The training session was held in a hotel in Zafarana, which lies between Ain Sokhna and Hurghada. Sharshar, Umm Nakad and I had planned to set off early on Thursday - which of course didn’t happen because Umm Nakad and Sharshar suddenly developed a pressing urge to dine at Mohandiseen-eatery/dustbin ‘My Queen’, and arrived to collect me two hours late. I went down to the car encumbered with a ridiculous amount of luggage and the mild rage which always forms when people are excessively late and leave me fiddling my thumbs when I could be doing something more useful e.g. sleeping or dusting my eyeballs.
Umm Nakad thoughtfully placated me with a prawn sandwich from My Queen, which I didn’t eat of course and which spent the entire journey putrefying on the back shelf, filling Sharshar’s car with an aroma reminiscent of a festering wound and which proved too much of a challenge for his Black Ice air freshener tree.
We sped along to the sound of Sharshar singing Abdel Halim at full volume, as is his wont, surrounded by the impressive but intimidating topography of the hilly desert on one side and the black expanse of the Red Sea on the other. Twenty minutes after passing Ain Sokhna, Umm Nakad and I expressed our concern that we might have passed the hotel without noticing. Sharshar reassured us that we had not, because he had in fact driven on this same exact road in the morning, when he gallantly went to pick up a Lebanese friend with no other means of getting to Cairo Airport. He had unfortunately taken the road we were on by accident, only noticing the error 30 kilometres later.
While impressive, this doesn’t compare to our involuntary promenade in the Port Said area last week when we got lost for THREE HOURS. On leaving Port Said we made the error of thinking that we should disregard signs marked ‘Port Said’ (what fools!) and instead followed signs for Ismailia. The signs suddenly disappeared, and we found ourselves en route to Damietta, in some kind of twilight zone. This happened twice, until we concluded that we had entered the Bermuda Triangle. We left Port Said at 7 p.m. and arrived, skeletal, in Cairo at 11 p.m., feeling like cretins.
We did not enter our hotel in Zafarana on first attempt either, as is inevitable, but mainly because the entrance was obscured by a mountain of earth.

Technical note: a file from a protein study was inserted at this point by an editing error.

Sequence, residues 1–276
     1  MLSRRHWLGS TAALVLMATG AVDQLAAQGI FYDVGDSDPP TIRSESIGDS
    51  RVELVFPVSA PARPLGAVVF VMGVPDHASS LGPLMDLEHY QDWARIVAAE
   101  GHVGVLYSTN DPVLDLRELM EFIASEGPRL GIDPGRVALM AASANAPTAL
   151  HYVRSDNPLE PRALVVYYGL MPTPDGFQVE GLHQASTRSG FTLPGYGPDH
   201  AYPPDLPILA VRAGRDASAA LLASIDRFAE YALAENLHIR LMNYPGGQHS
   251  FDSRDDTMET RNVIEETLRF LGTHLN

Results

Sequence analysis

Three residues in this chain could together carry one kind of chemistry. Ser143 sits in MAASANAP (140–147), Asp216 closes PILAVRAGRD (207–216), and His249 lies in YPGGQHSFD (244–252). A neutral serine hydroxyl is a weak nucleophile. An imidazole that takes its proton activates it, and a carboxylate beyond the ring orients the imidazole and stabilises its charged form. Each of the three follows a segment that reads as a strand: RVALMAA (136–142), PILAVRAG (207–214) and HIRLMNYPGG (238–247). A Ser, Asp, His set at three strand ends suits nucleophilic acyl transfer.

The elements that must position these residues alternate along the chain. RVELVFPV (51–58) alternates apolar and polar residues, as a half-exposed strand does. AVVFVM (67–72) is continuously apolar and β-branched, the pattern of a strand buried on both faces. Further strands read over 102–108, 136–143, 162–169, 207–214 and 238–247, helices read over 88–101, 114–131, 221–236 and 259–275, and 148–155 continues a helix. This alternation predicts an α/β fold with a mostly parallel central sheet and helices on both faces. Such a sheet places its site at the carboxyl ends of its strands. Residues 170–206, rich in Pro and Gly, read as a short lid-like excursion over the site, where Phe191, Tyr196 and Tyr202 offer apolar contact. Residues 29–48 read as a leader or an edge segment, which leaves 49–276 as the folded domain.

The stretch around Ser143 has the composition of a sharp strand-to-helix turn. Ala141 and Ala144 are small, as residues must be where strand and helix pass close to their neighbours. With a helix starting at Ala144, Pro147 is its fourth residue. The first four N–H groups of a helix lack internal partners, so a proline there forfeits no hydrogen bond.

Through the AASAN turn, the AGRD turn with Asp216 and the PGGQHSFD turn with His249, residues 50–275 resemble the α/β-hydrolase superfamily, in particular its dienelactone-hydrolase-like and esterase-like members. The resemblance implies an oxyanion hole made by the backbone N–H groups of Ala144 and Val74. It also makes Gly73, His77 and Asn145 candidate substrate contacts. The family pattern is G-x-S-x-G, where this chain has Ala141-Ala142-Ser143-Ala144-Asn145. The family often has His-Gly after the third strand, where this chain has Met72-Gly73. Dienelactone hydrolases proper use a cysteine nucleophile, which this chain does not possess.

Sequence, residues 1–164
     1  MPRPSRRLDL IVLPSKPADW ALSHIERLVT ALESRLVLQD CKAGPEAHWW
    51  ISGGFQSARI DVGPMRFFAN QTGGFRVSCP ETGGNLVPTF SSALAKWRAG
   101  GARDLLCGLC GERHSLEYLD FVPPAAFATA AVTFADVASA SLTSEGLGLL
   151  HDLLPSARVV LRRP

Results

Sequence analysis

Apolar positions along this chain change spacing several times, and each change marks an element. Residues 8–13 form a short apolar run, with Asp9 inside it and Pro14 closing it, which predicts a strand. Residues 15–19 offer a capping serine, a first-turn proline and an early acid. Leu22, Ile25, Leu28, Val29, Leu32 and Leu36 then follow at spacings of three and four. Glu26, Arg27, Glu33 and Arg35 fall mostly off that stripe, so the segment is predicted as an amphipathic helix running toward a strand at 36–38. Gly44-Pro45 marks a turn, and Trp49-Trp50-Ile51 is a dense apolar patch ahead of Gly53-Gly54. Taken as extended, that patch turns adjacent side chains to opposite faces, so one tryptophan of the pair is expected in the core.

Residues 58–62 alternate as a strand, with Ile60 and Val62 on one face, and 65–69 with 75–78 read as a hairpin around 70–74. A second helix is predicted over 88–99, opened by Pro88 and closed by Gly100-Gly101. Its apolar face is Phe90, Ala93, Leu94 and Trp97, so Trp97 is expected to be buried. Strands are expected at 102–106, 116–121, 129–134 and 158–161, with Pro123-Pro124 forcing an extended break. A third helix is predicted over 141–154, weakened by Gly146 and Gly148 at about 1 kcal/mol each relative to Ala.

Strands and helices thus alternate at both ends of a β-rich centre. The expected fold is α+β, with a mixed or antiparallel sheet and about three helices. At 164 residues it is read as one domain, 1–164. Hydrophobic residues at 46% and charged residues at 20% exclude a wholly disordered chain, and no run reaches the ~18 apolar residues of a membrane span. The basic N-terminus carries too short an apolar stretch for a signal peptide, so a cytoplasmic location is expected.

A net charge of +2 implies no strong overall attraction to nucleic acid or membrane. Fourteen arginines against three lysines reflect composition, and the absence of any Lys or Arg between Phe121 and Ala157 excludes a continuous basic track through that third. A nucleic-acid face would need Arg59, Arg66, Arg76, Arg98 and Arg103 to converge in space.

I opened the patio sliding door thingie of the hotel room the next morning and stepped out into the unbeatable gorgeousness of a Red Sea winter. The air is so crisp and clean that inhaling it was like giving my olfactory organs a colonic irrigation. I was further invigorated by the sight of the aforementioned wind farm.
While elegant, there is something slightly menacing about these huge monopod triskelions. The infantry of them opposite the hotel reminded me of the man-eating Triffids which I had been so terrified of as a kid. It’s their scale, the way they’re arranged and their silence – at night they disappear completely, lurking inaudibly and invisibly in the night
So taken was I by them that once back within reach of the Internet I googled them, and was happy to see that the scary monsters are doing their bit to delay the end of the world, particularly given this:
However, the current Egyptian power generation setup is not a model for the future. Eighty-six percent of the power plants are thermal, mainly gas-fired, while some still use heavy oil. Various hydroelectric power plants on the Nile - in particular, the major Asswan Dam power plant - deliver a further 13% of the country's power. Apart from the serious localised pollution caused by sulphur dioxide, nitrous oxide and dust along with heavy carbon dioxide emissions, the high proportion of fossil fuels fired in power generation is eating away at Egypt's export income, a third of which is currently accounted for by oil and gas.
Apart from that, the country's oil reserves are dwindling. If the amounts drilled stay constant and no new reserves are discovered, the country's reserves will be exhausted in fourteen to fifteen years. With domestic power consumption increasing at around 7% per annum, the country will already only just be able to cover its own domestic oil consumption. But the main problem is drilling, which is an expensive process. Intensive exploration and increasingly complicated technologies - all of the more complex instrumentation equipment has to be imported from abroad - are extremely capital-intensive.
Good to know that if we haven't all been obliterated by someone pressing the wrong button in a nuclear-power station we'll have an alternative energy source to rely on in the future.